Recycling expanded polystyrene

Used polystyrene is being turned into new roads and products like picture frames thanks to a local initiative.

What kind of polystyrene can be recycled?

Expanded polystyrene is recyclable, and can be easily identified if the beads of foam can be easily seen when foam is broken. This includes packaging for small and large appliances and white polystyrene fish or fruit and vegetable boxes.

Of course it’s best to avoid polystyrene altogether if you can - it can take centuries to break down and poses major environmental problems, particularly to birds and marine life - but for those times where you can’t dodge it, there is a local recycling option.

How to recycle polystyrene

You can drop off domestic quantities of all clean white Expanded Polystyrene Foam at our Geelong Resource Recovery Centre. There is no charge.

It can’t be put into your kerbside recycling bin.

Some types of polystyrene cannot be recycled at our transfer stations. These include coloured foam, meat trays, foam wrapping, packing peanuts and bean bag beans, which should be put in your red rubbish bin.

How is polystyrene recycled?

The first part of the recycling process happens locally at GPD Industries in North Geelong, where around 85 cubic metres of polystyrene is processed every week.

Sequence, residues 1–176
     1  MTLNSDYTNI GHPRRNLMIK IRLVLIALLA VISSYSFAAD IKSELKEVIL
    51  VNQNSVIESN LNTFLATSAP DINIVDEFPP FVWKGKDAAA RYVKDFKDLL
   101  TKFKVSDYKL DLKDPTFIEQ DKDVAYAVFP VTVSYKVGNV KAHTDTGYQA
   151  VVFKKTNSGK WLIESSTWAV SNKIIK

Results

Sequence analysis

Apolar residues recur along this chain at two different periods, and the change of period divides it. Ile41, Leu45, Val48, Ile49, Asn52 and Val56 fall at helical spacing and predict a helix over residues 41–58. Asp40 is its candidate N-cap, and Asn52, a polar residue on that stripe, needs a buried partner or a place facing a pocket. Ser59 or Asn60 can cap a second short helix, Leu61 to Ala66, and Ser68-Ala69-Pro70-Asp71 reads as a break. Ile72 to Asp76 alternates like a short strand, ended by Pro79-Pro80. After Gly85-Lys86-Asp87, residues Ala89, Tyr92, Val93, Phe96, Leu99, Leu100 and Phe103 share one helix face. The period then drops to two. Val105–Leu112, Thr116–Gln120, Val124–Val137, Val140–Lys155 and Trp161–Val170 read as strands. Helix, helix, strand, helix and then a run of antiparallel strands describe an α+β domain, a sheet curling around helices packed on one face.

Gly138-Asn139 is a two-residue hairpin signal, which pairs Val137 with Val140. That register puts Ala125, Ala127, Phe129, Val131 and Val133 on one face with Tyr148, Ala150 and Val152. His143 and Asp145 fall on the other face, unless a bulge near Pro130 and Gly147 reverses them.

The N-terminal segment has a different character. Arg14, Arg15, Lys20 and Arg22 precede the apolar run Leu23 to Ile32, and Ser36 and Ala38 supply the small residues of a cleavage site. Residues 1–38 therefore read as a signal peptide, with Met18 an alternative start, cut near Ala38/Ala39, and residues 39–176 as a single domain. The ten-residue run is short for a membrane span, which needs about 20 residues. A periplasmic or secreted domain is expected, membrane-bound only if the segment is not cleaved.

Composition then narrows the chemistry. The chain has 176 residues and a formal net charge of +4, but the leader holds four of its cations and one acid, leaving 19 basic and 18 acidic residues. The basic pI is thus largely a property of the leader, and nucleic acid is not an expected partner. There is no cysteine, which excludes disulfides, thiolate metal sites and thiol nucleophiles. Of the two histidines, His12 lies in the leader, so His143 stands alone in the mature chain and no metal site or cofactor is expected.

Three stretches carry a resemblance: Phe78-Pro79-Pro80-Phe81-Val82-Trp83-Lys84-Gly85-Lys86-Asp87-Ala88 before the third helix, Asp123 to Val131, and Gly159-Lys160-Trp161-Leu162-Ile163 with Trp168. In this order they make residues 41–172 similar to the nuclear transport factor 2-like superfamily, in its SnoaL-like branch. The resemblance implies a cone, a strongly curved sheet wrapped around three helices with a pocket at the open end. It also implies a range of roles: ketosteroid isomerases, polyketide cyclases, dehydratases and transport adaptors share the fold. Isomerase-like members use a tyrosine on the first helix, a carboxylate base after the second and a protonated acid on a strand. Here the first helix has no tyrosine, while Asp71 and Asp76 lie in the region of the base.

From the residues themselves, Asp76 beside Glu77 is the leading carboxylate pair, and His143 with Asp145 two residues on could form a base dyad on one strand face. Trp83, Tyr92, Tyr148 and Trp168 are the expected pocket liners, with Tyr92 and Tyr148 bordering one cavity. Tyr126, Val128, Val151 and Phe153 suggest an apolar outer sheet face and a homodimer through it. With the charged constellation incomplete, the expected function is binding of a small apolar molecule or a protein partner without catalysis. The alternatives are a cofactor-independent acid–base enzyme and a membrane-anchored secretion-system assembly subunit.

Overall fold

It takes less than 10 minutes for a slab of polystyrene packaging to be melted down and densified before being sent off to be manufactured into a range of new products.

GDP provides jobs to people with disabilities as part of the National Disability Insurance Scheme. The team sort the polystyrene into a conveyor belt, where it is crushed and then heated to 180 degrees. The heat turns it into a liquid, which oozes out of the machine into wooden moulds.

The end products are dense polystyrene blocks, the size of two shoe boxes, which are more brittle than regular polystyrene. If you dropped them, they would shatter! The blocks go on to other companies which turn them into soft-fall playground flooring, picture frames and building materials for roads and homes.

The lowest quality polystyrene, which is considered dirty or has ink mixed with it, is crushed into a bean bag-like mix, and then supplied to Newtown Concrete where it is mixed with concrete to create footings for fences as well as other products.

More polystyrene is now being recycled

According to Henry Barron, GDP Senior Supervisor, more polystyrene is now being recycled.

"The polystyrene recycling initiative has been running for several years now. People and businesses are feeling a bit more responsible and wanting to do the right thing," he said. "We can easily take on more, our gates are always open so everyone is welcome to drop it off."

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Page last updated: Thursday, 13 April 2023